Inspired by my teacher, Rabbi Irwin Kula, who has been thinking a great deal in recent years about disruptive innovations and how they might be reshaping Jewish experience in North America and beyond. I'd like to riff off of Phyllis' theme of day 2, 'Act' by introducing the notion that Mitzvot can be thought of as a kind of technology. It was Clay Shirky who, in talking about disruptive innovations, asked us to consider of whatever is the focus of our attention the question, 'what job does it do?' In one easy to grasp example that he offers, he considers the ways in which new technologies have changed the way that we consume music. From the gramophone which brought the sounds of live performances into the homes of listeners, to the rise of the cassette tape and the introduction of the portable cassette player and then the 'walkman', enabling us to carry our own music with us into the street and other spaces; from the CD player to the iPod, exponentially increasing how much music we could transport with us and how little space in our homes we would need to store it, to today's online streaming music services. As consumers, we have responded to each new technology that made listening to music, finding new music, and sharing music a little bit easier. In the process, companies that made old hardware had to either recreate themselves to offer the newer technology, or would find themselves out of business. When something came along that did the essential job better, cheaper, in a way that was more portable, offered more choice, etc. it became the next thing.
We can take Shirky's question, 'what job does it do?' And ask it of all kinds of things that we use or choose to do. If we accept his basic assumption, if it has a purpose, we will continue to use it or do the activity in question. Religion clearly does an important job for many people. For sure, we live at a time when more people than in the past are questioning that assumption, but the fact that so many of us are engaged in religious life, communities of faith, and ritual practices, suggest that these continue to do a job for us, as individuals and as a community. Exactly what that job is is a little more complex to define than the role of something that delivers music, and the answer may not be the same for everyone. Yet, as the societies and cultures that we live in continues to evolve and change, being able to look at our traditions through this lens can help us stay true to the essence of what Judaism is helping us do even if some of the outer forms (style of a service, choice of music, where rituals take place, the role of online communities, etc.) are changing.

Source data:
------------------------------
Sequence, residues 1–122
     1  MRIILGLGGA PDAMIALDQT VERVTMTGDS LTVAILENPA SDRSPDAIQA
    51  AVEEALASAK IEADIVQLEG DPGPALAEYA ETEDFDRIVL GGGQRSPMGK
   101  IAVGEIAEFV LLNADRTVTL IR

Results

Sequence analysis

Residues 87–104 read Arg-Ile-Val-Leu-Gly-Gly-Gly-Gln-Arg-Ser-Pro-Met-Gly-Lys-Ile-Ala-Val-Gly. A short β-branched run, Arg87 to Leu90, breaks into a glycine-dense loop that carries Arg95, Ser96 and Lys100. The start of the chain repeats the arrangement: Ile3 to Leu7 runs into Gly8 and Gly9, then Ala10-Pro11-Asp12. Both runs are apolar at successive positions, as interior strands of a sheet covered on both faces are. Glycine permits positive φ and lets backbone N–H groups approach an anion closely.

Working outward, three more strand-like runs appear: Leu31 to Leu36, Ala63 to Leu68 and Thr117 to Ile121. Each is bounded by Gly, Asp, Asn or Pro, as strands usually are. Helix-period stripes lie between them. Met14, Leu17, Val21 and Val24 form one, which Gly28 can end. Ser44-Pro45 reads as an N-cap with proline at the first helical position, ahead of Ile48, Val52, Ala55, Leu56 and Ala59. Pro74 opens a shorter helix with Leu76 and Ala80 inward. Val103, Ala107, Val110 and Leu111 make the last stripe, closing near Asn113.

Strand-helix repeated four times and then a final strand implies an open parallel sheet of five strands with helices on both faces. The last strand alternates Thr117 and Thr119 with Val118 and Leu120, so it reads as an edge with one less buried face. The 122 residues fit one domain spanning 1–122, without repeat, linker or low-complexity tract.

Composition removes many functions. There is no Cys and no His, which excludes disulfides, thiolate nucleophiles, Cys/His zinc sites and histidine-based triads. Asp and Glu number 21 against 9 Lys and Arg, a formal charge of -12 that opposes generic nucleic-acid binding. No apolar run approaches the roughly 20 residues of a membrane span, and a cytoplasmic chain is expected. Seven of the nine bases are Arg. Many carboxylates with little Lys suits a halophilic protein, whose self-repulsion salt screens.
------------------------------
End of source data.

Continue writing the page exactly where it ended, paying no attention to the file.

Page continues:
In traditional verbiage, a mitzvah is a commandment. To young children, we sometimes say it is a good deed. But that doesn't really capture the full essence of mitzvah. Some of the acts that are commanded as Mitzvot are ethical in nature, but some don't come with an explanation in Torah or in rabbinical texts. What would it look like to take a list of Mitzvot and ask the question from a modern perspective, 'what job does it do?'. Rabbi Kula is thinking about a project that does exactly this. If we can demonstrate how a mitzvah deepens our awareness of the world, strengthens our relationships with others, enables us to have an experience that we might label holy or spiritual, provides a mechanism for taking care of the vulnerable and needy, brings mindful awareness to our engaging in ordinary, everyday things, and so on... We can begin to reframe the deep, deep value of some of the Mitzvot of our tradition. Mitzvah as a technology that we can use.... What mitzvah comes to mind that really speaks to you and helps to shape your sense of self, or sense of holy, or sense of obligation to another?